Remarks on the visit of President Clinton - The Odyssey Centre, December 13th, 2000


Mr President, First Lady, Prime Minister, distinguished guests,

Mr President, your reception here today shows how deeply we appreciate your concern and interest.

Since your last visit, we have made much progress. At Stormont we have prepared our Programme for Government. For the first time in our history, public policy has been set down by Ulster men and women from across the religious divide, from our main political traditions, and from all the major parties, Ulster Unionist, SDLP, Democratic Unionist and Sinn Fein.

In the Executive and in the Assembly we can see that working together can foster a sense of common purpose – from job creation to improving standards of healthcare, from dealing with the problems of agriculture to improving the research capacity of our universities. For the first time, we are making Northern Ireland work in a shared, consensual way.

Mr President, as one of your predecessors rightly said,

“This land of ours cannot be a good place for any of us to live in unless it is a good place for all of us to live in.”

Our goal remains a Northern Ireland at ease with itself, where everyone feels at home. Sadly there are segments of society that are not yet fully participating in the building of that shared home. I hope they will gain enough confidence in themselves to accept the democratic verdict and join in giving collective leadership to all of our society.

On your last visit, I said that Northern Ireland was back in business. And it is. US trade and investment is playing a crucial role in underpinning progress.

But the ties between our two countries are more that just economic. We share ideals of peace freedom and democracy. We have a shared experience in the defence of democracy. We are proud that in the Second World War the first GI to set foot in Europe did so in Belfast and that tens of thousands of US servicemen were stationed here.

Fascism was the antithesis of democracy. So is terrorism. It violates the very values that led the United States and the United Kingdom to fight side by side in the 1940s and to remain allied since. Many wondered if those dark days would ever end. In our own time many wondered if the troubles would ever end. But I believe that we are coming through. We are making Northern Ireland anew.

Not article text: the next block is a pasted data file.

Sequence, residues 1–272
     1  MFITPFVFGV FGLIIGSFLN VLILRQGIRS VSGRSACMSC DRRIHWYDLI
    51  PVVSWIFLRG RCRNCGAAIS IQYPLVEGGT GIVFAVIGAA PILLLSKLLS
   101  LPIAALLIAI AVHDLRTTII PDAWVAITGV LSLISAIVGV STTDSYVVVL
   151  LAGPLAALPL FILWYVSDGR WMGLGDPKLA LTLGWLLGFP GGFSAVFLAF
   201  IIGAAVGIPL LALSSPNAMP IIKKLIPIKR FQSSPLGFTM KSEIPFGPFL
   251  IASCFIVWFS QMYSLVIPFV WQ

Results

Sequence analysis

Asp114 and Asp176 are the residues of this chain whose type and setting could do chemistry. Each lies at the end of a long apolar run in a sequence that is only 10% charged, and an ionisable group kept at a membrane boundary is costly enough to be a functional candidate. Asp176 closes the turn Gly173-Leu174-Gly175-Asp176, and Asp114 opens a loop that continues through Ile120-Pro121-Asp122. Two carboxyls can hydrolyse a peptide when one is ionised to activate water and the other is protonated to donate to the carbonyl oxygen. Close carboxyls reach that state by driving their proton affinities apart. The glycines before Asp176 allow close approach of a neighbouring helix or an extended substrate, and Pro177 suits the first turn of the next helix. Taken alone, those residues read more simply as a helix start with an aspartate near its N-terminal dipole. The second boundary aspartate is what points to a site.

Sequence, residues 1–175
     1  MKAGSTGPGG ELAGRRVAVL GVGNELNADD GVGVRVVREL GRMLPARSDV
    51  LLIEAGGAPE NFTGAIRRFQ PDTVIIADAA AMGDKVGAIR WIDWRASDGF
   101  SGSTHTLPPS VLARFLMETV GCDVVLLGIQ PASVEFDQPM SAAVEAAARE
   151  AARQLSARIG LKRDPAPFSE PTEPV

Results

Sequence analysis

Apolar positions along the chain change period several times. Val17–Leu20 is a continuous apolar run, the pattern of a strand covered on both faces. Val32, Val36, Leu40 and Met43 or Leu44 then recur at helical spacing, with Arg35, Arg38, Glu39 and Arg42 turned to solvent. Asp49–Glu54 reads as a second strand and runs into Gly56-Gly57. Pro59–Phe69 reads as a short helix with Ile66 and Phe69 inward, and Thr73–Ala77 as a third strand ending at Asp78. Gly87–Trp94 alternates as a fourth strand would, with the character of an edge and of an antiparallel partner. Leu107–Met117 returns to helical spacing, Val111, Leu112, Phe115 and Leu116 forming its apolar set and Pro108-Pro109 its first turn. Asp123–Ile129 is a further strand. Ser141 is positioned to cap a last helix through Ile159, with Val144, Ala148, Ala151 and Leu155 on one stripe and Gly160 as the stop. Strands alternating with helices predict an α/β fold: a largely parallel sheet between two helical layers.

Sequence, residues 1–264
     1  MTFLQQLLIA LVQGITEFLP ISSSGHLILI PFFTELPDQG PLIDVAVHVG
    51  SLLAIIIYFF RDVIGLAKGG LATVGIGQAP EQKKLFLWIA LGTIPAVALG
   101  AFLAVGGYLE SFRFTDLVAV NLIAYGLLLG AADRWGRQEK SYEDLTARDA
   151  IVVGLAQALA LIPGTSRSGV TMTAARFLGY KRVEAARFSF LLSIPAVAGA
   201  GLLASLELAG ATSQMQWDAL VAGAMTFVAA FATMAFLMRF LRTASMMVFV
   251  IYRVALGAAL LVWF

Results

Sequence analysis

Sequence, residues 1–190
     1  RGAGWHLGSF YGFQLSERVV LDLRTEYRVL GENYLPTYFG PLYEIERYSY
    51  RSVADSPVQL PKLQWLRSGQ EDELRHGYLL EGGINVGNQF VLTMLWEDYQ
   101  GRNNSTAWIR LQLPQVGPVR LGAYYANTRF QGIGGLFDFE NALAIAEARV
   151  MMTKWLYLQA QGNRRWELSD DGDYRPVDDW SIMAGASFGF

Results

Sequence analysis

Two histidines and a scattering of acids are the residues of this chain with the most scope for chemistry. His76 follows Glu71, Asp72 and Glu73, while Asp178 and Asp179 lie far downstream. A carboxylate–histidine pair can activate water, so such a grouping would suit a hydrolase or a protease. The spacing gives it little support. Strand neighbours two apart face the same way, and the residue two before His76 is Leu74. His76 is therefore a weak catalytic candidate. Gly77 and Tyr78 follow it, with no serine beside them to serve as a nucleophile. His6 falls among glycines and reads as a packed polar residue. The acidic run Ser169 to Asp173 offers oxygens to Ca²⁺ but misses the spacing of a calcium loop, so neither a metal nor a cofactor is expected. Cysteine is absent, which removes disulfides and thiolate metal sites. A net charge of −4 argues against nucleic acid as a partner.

Of course, none of this would have been possible without strong communities founded on Christian values. And none of this would have been possible without the service and sacrifice of the security forces and the Royal Ulster Constabulary.

History dealt Northern Ireland a difficult hand of cards. We inherited a conflict. But nearly three years ago the people of Northern Ireland voted for a fair, but complex settlement.

Mr President, you encapsulated it in these words,

“They agreed to the principle of consent, majority rule, minority rights, shared decision making and ties to their neighbours”

We are honoured that you have recommended these principles to other divided societies. Making the Agreement work has been tough. Because it accurately reflects the complex and sometimes divergent interests of our society, there will inevitably be moments of stress and disagreement. But the Agreement protects everyone’s interests. I am confident that support for the vision we set out in 1998 remains strong.

Mr President, your visit to the bereaved of Omagh was much appreciated. We all recall the anguish of those families. We must ensure that misery is never repeated. As you said in Dundalk last night we each have to play our part in making sure that there are no more Omaghs.

There cannot be a moral vacuum at the heart of the peace process. There must be real peace. Our uniquely inclusive arrangements contain no ambiguity on these principles. Justification lies in there being a transition from a violent past to a peaceful, democratic future. That is why I stand firm on the need for decommissioning. That is why on your last visit, I said,

“to those who are crossing the bridge from terrorism to democracy – every move you make towards peace, I welcome. Every pledge you make to peace, I will hold you to.” Today, we continue to watch, and wait, and hold to those promises.

But, I do not intend to let the ship of peace sink on the rocks of old habits and hard grudges. We are learning to define ourselves by what we are for, not what we are against. I am working – we are working – for a united Northern Ireland. Again and again we repeat to those who use violence,

“You are the past, your day is over.”

Mr President, those words of yours in 1995 marked for many a turning point. Since then there have been ups and downs. But we should sometimes step back and see how much has been achieved.

There is much more to be done. We have uniquely talented and enthusiastic young people; a government committed to enterprise, skills and qualities second to none. We know that we here in Northern Ireland now hold our future in our own hands. We know that it can be a great future, and we are determined to make the best of it.

Prime Minister, Ladies and Gentlemen, may I introduce – not, I’m sure, for the last time – an old friend - the President of the United States, William Jefferson Clinton.


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